4 mins, 51 secs read time
Ever feel like you’re playing hide-and-seek with candidates? When you know they’re out there, but you just can’t seem to find them? Good news – LinkedIn found that around 90% of global professionals are open to hearing about opportunities. The trick, of course, is to be thoughtful about who you approach, when you reach out to them and how you do it. Our recent “Sourcing Unwrapped: How to Be an Expert Sourcer” webinar centered around the art and science of sourcing.
In this fireside chat, Greenhouse’s Technical Recruiting Manager Katie DiCioccio led a discussion with Senior Recruiter Annie Greene and Technology Talent Acquisition Manager Ted Prendergast from Red Ventures. Read on for a few highlights from their conversation or watch the on-demand webinar here.
Empowering Employee Referrals
Employee referrals are a significant source of quality candidates at both Red Ventures and Greenhouse. In 2018, 19% of Greenhouse hires and nearly 30% of Red Ventures hires came from referrals. Annie is a firm believer in the power of referrals, saying that no one is better equipped than current employees to understand who would be a good fit and what it takes to be successful in a role.
“We believe that someone already in the role is going to best be able to refer someone else to the role.” – Annie Greene, Senior Recruiter, Red Ventures
But what’s the trick to actually getting your employees involved in the referral process? Bribing them with food, of course! (We’re only slightly kidding here.) Red Ventures has seen a lot of success with their “LinkedIn Lunch” and “LinkedIn Latte” sessions. The recruiting team will choose a handful of employees for each session and go through each person’s network ahead of time so they’ll already have a shortlist of prospects. Each employee is paired with a recruiter who will work through the list, asking questions like, “How well do you know this person?” “Would you recommend them?” “Do you want to reach out to them or would you prefer someone from the recruiting team to do it?”
Not only do these conversations enlighten recruiters about prospective candidates, but they also help employees from other teams better understand the sourcing process. This means that over time, employees feel empowered to actually go through their network independently and make recommendations to the recruiting team.
At Greenhouse, we’ve been intentional about creating a robust referral program. Some of our key tenets include rewarding engagement and choosing not to offer financial incentives. Check out The 6 Elements of a Winning Employee Referral Program to learn more.
Next-Level Social Media Sourcing Strategies
Now that the recruiting team at Red Ventures has trained their employees to mine their own LinkedIn networks so effectively, they’re able to look at next-level sourcing strategies to reach even more candidates through social media. Ted explains that their social media strategy on platforms like Medium, Slack, GitHub and Quora is twofold: it’s a way to share employer branding talent to attract candidates, and it’s also a way to directly engage with prospective candidates.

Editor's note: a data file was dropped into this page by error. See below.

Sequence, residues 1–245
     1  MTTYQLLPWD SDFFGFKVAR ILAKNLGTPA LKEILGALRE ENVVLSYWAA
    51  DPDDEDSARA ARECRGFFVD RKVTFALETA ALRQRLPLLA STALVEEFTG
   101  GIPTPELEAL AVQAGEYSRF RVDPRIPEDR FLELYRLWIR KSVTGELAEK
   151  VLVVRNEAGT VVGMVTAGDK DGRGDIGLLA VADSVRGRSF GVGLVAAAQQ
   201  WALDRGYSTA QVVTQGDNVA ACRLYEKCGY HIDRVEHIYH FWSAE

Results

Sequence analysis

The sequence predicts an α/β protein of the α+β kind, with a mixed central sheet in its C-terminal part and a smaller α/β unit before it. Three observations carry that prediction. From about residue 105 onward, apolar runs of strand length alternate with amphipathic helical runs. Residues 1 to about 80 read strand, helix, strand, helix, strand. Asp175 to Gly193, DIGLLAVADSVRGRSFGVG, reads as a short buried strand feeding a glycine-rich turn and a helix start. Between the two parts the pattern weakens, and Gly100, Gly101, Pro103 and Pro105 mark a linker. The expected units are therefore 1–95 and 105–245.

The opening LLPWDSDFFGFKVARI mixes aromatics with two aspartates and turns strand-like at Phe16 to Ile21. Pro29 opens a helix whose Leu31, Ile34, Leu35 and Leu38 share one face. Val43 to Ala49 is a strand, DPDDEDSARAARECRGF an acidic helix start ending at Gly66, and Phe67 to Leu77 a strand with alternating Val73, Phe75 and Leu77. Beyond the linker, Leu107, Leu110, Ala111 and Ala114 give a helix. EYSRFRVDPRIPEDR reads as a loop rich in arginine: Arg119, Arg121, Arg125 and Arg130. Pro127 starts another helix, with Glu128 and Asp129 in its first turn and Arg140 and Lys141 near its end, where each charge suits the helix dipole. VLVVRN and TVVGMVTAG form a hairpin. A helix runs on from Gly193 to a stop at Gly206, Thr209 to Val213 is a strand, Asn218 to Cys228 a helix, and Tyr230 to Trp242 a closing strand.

Recruiters will share original content related to branding, employee stories and company culture at Red Ventures and then see who likes and shares these posts. Over time, they’ll like and share posts by these people as well, gradually building relationships. Similarly, by asking questions and starting conversations, Red Ventures’ recruiters can create a list of potential candidates who are knowledgeable and engaged. These tactics take sustained time and effort, but as Ted explains, “Even if you get one hire on one platform, it’s completely paying for itself.”
Ted also recommends meeting candidates where they are. While LinkedIn gets around 260 million active users per month, Instagram has around 1 billion active users in the same timeframe. Ted’s team has found that it can be beneficial to connect with prospects on multiple platforms, because they may tend to be more active or keep their contact information up to date on Instagram but not LinkedIn, for example. The key is to always be considerate of when you’re reaching out to candidates and what you’re saying.
“With all social media, you have to be smart and professional. Be mindful of how you’re messaging people and when you’re messaging people.” – Ted Prendergast, Technology Talent Acquisition Manager at Red Ventures
Don’t Forget About Former Candidates
If you’ve been hard at work sourcing for the past few years, chances are you’ve already got a great pool of past candidates. Annie says when a new role opens up, she’ll often start sourcing within Greenhouse. Consider how previous prospects or candidates might fit in with your current talent needs. For example, Annie recently had an entry-level opening, so she reached out to former candidates who came in through Red Ventures’ on-campus recruiting efforts. By sending targeted outreach messages to this specific group of former candidates, she was able to make two hires.
Katie shares a similar approach that’s worked well at Greenhouse. Recruiters will make a note of candidates who were promising but perhaps lacked skills in a specific area. They’ll follow up with these candidates six months or a year later to see if they’ve expanded their skill set and find out if they’re interested in revisiting a conversation with Greenhouse. This works especially well for recurring roles on the sales and engineering teams. Read more of Katie’s tips and tricks for keeping in touch with previous candidates here.
You know those promising prospects and candidates are out there – now you’ve got a few tricks up your sleeve to help you find them faster!
Looking for even more sourcing strategies and tactics? Check out the full webinar to hear Annie, Ted and Katie’s tips on diversity sourcing, in-person events and how to use Greenhouse for sourcing success.